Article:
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Review: Beneath Its CGI Mask, 'Scoob!' Might Not Be the Real Deal

by Derek Deskins
EDGE Media Network Contributor
Tuesday Jul 21, 2020
Review: Beneath Its CGI Mask, 'Scoob!' Might Not Be the Real Deal

The animated movie typically comes in one of three forms: Sweet and cute, but shallow; unwatchable by adults; or cinematically relevant. While Pixar and Studio Ghibli have cornered the market on the cinematically relevant, much of the rest of the animated films that come out scatter to the two other camps. In all honesty, movies that are enjoyable to adults and children alike, but not necessarily tear-inducing, are often the most consumable. This is where "Scoob!" comfortably lives.

"Scoob!" has a very cute opening, one in which a young Shaggy meets a young Scooby. The two bond over their mutual love of sandwiches and commit to always be there for each other. It's fully adorable. No less than five minutes after this, the movie decides to introduce animated Simon Cowell. Is this a spoiler? I don't know. Maybe? But I needed to spare you the whiplash that I experienced as this atrocity paraded itself across my screen.

Anyway, Cowell tells Mystery, Inc. that they need to drop Shaggy and Scooby from the team, with the reasoning that they add nothing and friendship is useless. It's... awful. Feeling abandoned and betrayed, Scoob and Shaggy head to their favorite bowling alley, where they are abducted by a team of heroes in need of their help to save the world.

There's something odd about "Scoob!" that left me struggling to connect. It could be the strange animation style that attempts to be reminiscent of the styling of the original cartoons while also embracing a more generalized aesthetic of modern computer animation. It leaves things feeling just a bit off, where the two styles hang out like neighbors that don't really want to get to know one another. But I don't think that's the problem. The real issue comes from a question that I feel that I shouldn't have to ask: Is "Scoob!" a Scooby-Doo movie?

Yes, the movie includes Scooby-Doo and the rest of Mystery, Inc., but it's not really about them. To a certain degree, it's not really about Scooby either. "Scoob!" is Warner Bros' first attempt to build some kind of Hanna-Barbera Cinematic Universe (I retched just typing that). It's the only way to explain the inclusion of Dick Dastardly and Muttley ("Wacky Races"), Blue Falcon and Dynomutt ("Dynomutt, Dog Wonder"), Captain Caveman and Dee Dee Skyes ("Captain Caveman and the Teen Angels"), and end credits that include Dr. Quest, Jabberjaw, Atom Ant, and Grape Ape. I feel upset, I feel duped, but more than anything else, I feel confused. Is there a need for a Hanna-Barbera Cinematic Universe? Unquestionably, no. But even more so, these are characters that have largely been out of entertainment since the '80s. Who is even asking for this?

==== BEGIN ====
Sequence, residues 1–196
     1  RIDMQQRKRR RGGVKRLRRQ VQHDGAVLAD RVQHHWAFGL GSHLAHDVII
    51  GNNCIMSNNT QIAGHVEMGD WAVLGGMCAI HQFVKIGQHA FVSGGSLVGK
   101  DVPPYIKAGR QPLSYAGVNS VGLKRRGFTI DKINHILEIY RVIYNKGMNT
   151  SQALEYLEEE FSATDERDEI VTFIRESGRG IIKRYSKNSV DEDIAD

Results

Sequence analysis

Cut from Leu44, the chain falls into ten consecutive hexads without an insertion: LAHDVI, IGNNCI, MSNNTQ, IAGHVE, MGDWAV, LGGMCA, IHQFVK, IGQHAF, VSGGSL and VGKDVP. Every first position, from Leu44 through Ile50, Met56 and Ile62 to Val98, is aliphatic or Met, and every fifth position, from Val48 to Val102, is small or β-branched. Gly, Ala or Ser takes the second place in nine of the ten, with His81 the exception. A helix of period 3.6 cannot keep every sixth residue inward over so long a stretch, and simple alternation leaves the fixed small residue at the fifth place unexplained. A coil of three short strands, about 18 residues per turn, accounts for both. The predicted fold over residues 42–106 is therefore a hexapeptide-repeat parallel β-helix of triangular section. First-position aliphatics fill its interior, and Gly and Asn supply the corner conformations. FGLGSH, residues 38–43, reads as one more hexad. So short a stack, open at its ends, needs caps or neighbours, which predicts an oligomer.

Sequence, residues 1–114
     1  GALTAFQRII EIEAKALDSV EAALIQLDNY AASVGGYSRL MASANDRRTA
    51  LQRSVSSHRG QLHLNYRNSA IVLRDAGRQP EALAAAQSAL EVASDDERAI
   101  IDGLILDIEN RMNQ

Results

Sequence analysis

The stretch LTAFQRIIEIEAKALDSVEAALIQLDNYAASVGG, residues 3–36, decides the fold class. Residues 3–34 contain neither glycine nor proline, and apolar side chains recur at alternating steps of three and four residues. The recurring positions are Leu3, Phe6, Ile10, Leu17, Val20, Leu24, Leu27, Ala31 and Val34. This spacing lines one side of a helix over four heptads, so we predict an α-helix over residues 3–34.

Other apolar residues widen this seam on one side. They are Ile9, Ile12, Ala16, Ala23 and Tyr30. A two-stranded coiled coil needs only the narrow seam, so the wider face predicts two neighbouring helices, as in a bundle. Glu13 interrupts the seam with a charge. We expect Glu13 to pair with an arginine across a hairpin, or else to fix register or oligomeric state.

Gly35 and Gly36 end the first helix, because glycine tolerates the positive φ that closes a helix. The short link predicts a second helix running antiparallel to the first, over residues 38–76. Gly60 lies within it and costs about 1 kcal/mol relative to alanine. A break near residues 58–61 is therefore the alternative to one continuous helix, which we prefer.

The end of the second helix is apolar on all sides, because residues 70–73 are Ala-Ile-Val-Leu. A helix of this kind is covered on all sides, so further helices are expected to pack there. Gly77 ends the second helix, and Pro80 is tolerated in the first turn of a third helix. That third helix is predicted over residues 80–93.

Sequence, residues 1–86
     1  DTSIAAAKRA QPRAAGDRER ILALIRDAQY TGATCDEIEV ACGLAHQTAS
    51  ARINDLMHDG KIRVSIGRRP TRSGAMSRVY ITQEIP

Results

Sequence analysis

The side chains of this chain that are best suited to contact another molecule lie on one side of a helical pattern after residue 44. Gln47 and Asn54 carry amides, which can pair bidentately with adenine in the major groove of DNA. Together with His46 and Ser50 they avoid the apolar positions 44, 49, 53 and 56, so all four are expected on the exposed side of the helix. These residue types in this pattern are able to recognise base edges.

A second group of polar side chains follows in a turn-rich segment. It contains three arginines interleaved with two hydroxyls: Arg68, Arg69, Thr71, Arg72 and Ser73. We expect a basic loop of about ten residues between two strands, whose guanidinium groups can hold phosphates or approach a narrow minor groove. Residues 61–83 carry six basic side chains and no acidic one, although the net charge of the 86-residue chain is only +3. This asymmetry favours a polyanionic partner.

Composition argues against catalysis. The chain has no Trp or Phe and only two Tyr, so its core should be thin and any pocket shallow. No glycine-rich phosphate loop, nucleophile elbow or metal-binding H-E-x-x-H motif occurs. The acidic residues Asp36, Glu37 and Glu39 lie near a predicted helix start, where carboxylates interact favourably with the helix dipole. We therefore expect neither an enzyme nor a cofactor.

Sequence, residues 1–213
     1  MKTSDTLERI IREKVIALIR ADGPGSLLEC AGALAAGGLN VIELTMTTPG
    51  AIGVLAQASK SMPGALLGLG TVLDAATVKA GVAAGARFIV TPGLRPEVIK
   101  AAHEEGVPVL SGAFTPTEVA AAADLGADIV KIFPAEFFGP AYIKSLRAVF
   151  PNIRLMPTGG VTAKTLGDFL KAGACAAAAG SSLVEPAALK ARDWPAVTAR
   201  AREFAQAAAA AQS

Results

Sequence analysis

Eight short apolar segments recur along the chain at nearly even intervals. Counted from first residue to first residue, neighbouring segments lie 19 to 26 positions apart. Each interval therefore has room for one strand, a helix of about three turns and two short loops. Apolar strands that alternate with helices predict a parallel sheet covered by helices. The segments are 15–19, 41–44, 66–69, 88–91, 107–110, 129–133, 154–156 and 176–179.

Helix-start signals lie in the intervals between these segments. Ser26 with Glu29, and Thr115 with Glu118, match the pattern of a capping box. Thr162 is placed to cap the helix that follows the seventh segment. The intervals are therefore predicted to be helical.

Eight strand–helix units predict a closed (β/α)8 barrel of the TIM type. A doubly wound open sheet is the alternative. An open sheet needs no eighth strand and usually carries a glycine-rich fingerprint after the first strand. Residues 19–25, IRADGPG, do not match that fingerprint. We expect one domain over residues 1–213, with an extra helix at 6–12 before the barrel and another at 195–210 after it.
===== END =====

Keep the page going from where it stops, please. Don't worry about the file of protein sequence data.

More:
In the spirit of its Cinematic Universe choice, "Scoob!" is less a Scooby-Doo movie than it is an unabashed superhero movie. Replacing the men in rubber masks and actual mystery solving by the gang are spaceships and laser battles. It's fine, but it's not the Scooby anybody has come to expect. The rest of the movie proceeds pleasantly enough, the jokes vary between groan- and chuckle-inducing, and it inevitably reveals a heart that you can't help but melt with.

The Blu-ray release is respectable. Included are some bloopers (flubbed studio line readings), deleted scenes (incomplete animatics), a fun segment on how to draw Scooby, a deep dive into all of the characters that your children don't recognize, and a minute with the voice-cast holding puppies. The features are far from groundbreaking, but they do a solid job of providing more context to the movie itself. Plus, showing how to draw an animated main character should become something that gets included in the media release of every animated film. While "Scoob!" doesn't always feel like a Scooby movie or accomplish anything exceptional, it manages to be a welcomed distraction that balances its sense of humor with its more saccharine sensibilities.

Blu-ray + Digital

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